2020 Millennial on the Move: Tiffany M. Boyle
Tiffany M. Boyle
36, Commissioner of the Revenue with the City of Newport News, Newport News
Business and Civic Involvement:
Virginia College Building Authority Board Member; Virginia Peninsula Foodbank Board of Directors Member; Hampton Roads Commissioner of the Revenue Association Chair/President; Virginia Wesleyan University President’s Council Member; Access Virginia Board of Directors Vice President; Virginia Commissioner of the Revenue Political Action Committee Treasurer; Newport News NAACP Youth Committee Chair
What is something that makes you stand out professionally?
We have created opportunities to prioritize engagement with our taxpayers through frequent televised and radio public service announcements and the following programs. Our Tax Information Preparing Seniors (TIPS) forums addresses tax relief for our senior citizens. The Commissioners & Cans Food and Fund Drive garners the support of nearly two dozen other Commissioners, raising food and funds for all seven of Virginia’s food banks. These, along with our Labor, Education, Entrepreneurship and Diversity (LEED) tours, where we hear directly from the economic leaders that drive our local economy, are just three of our hallmark programs that keep us in touch with taxpayers throughout the year.
Who or what keeps you motivated or inspires you?
Showing my daughter that she, too, can be a trailblazer that creates new avenues for positive impact and influence.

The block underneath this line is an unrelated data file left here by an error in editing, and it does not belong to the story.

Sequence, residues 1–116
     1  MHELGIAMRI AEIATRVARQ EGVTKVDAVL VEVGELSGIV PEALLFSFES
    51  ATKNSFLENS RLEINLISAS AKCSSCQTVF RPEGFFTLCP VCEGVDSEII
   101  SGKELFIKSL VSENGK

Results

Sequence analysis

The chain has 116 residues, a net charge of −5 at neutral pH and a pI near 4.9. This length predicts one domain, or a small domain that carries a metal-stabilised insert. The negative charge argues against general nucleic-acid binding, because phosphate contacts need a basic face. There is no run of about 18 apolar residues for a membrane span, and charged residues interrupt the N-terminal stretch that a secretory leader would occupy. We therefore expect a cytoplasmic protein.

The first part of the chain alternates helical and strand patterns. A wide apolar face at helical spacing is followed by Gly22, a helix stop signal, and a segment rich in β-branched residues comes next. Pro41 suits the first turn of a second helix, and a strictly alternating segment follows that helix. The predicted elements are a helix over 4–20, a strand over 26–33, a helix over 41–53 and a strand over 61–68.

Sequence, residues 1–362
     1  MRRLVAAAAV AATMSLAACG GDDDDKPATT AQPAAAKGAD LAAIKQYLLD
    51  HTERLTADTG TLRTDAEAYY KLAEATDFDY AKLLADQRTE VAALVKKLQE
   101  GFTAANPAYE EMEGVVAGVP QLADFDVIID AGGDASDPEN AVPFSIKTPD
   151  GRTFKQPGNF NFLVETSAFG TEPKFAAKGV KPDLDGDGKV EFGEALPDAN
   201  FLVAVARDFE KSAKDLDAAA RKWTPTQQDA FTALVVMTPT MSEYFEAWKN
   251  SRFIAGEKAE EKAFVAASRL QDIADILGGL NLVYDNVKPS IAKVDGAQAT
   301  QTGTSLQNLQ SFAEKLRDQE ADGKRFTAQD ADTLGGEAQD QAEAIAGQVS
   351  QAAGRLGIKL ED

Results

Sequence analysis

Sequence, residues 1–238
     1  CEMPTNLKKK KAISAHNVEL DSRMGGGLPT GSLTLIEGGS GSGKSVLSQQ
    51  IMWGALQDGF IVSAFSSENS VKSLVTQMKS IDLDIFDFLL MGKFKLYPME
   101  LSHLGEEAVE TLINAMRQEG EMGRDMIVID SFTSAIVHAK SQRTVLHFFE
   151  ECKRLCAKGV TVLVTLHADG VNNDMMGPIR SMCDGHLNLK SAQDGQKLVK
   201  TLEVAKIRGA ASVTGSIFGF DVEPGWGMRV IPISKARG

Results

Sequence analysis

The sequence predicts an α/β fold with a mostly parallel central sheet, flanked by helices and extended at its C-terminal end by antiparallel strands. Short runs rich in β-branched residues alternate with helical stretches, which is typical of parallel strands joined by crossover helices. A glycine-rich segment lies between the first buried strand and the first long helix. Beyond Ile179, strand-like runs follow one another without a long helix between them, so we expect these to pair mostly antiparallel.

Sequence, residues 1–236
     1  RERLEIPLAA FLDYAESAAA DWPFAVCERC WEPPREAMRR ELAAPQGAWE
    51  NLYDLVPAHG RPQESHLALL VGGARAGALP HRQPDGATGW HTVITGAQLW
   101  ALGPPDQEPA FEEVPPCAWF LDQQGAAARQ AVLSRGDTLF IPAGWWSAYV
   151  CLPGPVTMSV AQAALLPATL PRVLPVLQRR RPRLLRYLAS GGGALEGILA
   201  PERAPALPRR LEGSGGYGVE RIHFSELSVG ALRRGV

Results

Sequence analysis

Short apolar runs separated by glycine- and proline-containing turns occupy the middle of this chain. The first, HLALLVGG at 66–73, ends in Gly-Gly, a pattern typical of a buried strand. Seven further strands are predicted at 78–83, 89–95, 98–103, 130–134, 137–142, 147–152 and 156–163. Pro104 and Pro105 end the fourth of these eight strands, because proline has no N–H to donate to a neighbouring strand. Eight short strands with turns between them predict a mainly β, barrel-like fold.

Tell us about an accomplishment that you’re proud of.
The annual statewide Commissioners & Cans Food and Fund Drive has been timely during the coronavirus pandemic and last year’s government shutdown when a lot of Virginians were out of work. The initiative has become a partnership between the Commissioners of the Revenue Association of Virginia and the Federation of Virginia Food Banks. It is the only food drive of its kind and the newest statewide effort in Virginia.
How do you feel your industry can best respond to the effects of COVID-19?
Our industry has been extremely responsive and collaborated through the Commissioner of the Revenue Association of Virginia. We have all discussed what each of our offices are doing for our employees, for our fellow citizens and for business owners. Each locality has a different culture, but overall, we are all willing to work with our local governing body and do what is best for our constituents. As Chair of the Hampton Roads Commissioner of the Revenue Association, we will be exploring avenues to keep our constituents informed of the tax changes in regards to deadlines and processes.
What new idea or development are you excited about in Coastal Virginia?
Virginia’s Minority Business Commission is the first in the Commonwealth and the first of its kind in the country. My office spearheaded the collaborative effort with the Richmond Minority Business Office, Virginia Beach Minority Business Council, Asian American Chamber and others. From conversation to legislation to its inclusion as a budget item, the work started right here in Coastal Virginia.
What’s the most important aspect you look for in a workplace?
Culture. Within the culture of a workplace there is teamwork, a desire to do great, intuition and innovation.
What would you be doing if you weren’t in your current position?
Prior to becoming Commissioner of the Revenue, I had launched a business lifestyle magazine named Emerge which found itself on an upward trajectory. Communicating the changes and progress that happen in our business community was and still is a priority for me.
What’s your favorite spot to relax in Coastal Virginia?
On a paddle boat in Newport News Park.